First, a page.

I’ve been following the latest “My god, people are fat!” debate in the feminist blogosphere with interest. For those of you not up to speed, it started here at Feministe. I’ll say, as a brief side note that, as much as this post sucked, I agree with Maia that the comments were, for the most part, heartening. This is a big change from even a few years ago, to see people have the courage to speak passionately and intelligently about their position. But I also think it’s in the comments where you get a good idea of where the tension is. The comments, though there are many to get through, over at Pandagon are illustrative.
So, I have two things I want to get at. One, I wish we as feminists would do a better job of the ways “obese” and “poor” overlap as social constructs and how one word can often stand for the other group. Now, there are obese people and there are poor people, obviously. And there is a great overlap in those groups. But I’m trying to get not at the actual groups, but at the social constructs and how we talk about obese people having no self-control or being too stupid to know what to put in their bodies or lacking access to experts who could tell them what to do with themselves; the narrative is all about how obese people put all kinds of things they shouldn’t in their bodies because they are too stupid (or uneducated to know better) and they thus have really negative life outcomes. Now, read that same sentence and swap out “obese” for “poor.”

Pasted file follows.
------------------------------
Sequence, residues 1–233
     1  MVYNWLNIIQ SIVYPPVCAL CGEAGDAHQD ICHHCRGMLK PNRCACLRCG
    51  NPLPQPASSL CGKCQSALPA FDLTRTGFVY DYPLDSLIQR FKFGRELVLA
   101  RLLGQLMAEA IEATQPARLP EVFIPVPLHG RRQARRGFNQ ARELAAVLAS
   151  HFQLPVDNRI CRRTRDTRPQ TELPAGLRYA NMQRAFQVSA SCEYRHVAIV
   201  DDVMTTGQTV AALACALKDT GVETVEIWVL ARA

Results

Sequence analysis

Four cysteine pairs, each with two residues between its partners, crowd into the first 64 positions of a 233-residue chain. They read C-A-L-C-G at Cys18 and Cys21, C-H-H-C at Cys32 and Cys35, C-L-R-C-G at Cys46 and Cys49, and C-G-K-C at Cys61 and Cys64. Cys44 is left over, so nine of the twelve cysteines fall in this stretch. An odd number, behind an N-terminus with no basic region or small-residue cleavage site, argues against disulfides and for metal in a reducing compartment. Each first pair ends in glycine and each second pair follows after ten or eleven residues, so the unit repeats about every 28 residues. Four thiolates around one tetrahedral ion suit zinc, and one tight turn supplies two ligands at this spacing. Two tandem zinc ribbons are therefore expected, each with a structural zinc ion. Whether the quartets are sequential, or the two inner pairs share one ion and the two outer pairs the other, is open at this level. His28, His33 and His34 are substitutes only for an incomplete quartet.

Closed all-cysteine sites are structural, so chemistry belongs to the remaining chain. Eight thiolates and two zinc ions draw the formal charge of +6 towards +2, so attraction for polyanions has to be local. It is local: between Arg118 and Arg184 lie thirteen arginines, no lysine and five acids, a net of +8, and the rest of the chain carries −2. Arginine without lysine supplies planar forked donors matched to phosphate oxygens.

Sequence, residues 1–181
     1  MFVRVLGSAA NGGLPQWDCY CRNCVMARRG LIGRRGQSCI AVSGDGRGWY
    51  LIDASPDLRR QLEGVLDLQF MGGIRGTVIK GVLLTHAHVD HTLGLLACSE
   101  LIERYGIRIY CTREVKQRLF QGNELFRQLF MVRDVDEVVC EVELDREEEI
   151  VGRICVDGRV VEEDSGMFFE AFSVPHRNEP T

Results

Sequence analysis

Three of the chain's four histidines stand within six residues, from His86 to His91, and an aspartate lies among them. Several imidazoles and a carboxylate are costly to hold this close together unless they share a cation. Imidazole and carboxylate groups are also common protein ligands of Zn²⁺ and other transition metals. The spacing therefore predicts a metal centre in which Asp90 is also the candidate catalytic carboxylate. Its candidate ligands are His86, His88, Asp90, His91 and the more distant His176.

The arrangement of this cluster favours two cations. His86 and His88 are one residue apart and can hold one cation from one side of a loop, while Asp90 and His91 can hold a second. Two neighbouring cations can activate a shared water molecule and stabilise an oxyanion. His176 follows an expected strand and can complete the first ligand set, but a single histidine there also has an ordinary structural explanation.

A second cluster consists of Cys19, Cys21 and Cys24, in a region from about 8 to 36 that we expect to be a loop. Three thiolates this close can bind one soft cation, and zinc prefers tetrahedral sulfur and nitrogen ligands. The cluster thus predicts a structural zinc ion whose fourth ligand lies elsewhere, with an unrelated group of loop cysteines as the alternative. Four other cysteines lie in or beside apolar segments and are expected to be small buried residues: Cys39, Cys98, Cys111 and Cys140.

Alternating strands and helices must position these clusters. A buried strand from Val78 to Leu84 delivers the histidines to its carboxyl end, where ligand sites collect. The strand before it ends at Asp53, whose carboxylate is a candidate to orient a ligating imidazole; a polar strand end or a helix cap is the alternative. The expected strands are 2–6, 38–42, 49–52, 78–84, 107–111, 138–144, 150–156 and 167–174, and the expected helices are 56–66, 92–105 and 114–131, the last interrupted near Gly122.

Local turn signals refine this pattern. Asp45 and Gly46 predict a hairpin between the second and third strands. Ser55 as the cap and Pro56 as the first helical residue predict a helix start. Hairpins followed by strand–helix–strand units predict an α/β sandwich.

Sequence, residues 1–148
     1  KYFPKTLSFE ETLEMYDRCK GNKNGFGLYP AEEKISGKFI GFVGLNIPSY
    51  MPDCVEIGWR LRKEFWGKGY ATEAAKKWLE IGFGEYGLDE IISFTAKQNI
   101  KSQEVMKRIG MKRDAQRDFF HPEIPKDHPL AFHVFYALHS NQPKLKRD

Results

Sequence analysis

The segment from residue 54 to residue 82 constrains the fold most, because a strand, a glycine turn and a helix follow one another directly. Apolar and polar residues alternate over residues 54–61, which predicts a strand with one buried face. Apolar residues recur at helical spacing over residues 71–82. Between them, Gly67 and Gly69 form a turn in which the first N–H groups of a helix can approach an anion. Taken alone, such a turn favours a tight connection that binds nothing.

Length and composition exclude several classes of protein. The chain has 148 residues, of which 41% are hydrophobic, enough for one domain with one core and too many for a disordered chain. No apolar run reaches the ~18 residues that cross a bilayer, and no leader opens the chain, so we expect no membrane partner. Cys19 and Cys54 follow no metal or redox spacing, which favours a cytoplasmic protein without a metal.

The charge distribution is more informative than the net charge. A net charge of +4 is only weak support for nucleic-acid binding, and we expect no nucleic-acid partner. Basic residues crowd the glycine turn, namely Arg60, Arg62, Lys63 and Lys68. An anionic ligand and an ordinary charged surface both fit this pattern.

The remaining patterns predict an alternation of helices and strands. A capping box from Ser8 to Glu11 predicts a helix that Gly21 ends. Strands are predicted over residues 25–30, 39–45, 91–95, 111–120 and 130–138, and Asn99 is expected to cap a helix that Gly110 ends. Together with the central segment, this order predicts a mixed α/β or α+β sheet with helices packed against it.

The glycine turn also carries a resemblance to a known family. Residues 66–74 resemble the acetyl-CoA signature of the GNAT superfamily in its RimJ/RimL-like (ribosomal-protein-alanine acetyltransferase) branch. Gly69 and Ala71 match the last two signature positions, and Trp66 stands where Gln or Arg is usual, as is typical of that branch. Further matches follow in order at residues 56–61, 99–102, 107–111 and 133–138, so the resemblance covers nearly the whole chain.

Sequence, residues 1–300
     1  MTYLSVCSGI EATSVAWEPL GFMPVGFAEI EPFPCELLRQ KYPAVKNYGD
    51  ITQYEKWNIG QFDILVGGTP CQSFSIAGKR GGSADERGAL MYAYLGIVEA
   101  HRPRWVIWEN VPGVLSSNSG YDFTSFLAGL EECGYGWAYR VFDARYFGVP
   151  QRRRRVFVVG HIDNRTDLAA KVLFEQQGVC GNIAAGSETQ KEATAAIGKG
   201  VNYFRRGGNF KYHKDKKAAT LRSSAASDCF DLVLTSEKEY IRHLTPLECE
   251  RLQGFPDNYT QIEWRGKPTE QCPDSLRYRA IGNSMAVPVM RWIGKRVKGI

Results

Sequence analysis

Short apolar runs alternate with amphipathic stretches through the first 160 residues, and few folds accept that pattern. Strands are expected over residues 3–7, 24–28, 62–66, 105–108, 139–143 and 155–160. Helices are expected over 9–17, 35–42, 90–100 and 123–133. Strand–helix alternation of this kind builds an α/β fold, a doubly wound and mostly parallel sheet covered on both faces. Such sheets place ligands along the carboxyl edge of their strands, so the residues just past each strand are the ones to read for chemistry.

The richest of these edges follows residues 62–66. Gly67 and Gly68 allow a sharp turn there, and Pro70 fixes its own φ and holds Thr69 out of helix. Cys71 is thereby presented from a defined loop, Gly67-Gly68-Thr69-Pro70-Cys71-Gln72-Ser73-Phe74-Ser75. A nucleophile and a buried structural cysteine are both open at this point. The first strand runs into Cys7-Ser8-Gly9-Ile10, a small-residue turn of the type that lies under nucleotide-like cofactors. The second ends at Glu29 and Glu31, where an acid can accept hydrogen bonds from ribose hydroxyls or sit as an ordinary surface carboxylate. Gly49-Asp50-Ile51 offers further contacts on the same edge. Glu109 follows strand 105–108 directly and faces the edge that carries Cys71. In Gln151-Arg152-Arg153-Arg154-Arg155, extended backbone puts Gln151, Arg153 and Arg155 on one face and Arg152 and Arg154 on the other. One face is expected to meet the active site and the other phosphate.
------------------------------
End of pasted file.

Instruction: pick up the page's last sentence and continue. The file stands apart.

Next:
It works just the same.
I find that interesting. In both cases, it’s about a group that has too many people in it, who need education and expertise and guidance, and who are deemed failures or troublemakers if they resist efforts from the outside to improve them.
The word “class” doesn’t quite fit, but I think it has to do with demanding people want to strive to remove evidence of what has been deemed their shitty circumstances. Yes, of course, you will be punished for striving. But you will be punished worse for not striving.
It’s almost as if the problem is that the obese/the poor, by their very existence, insult their “betters” for not recognizing and properly responding to their “betters'” expertise on how best to live life.
That’s the dynamic I keep seeing play out in these comment threads–“I have expertise. You must recognize it.” “I know my own body. I am the expert on my own life. Fuck off.”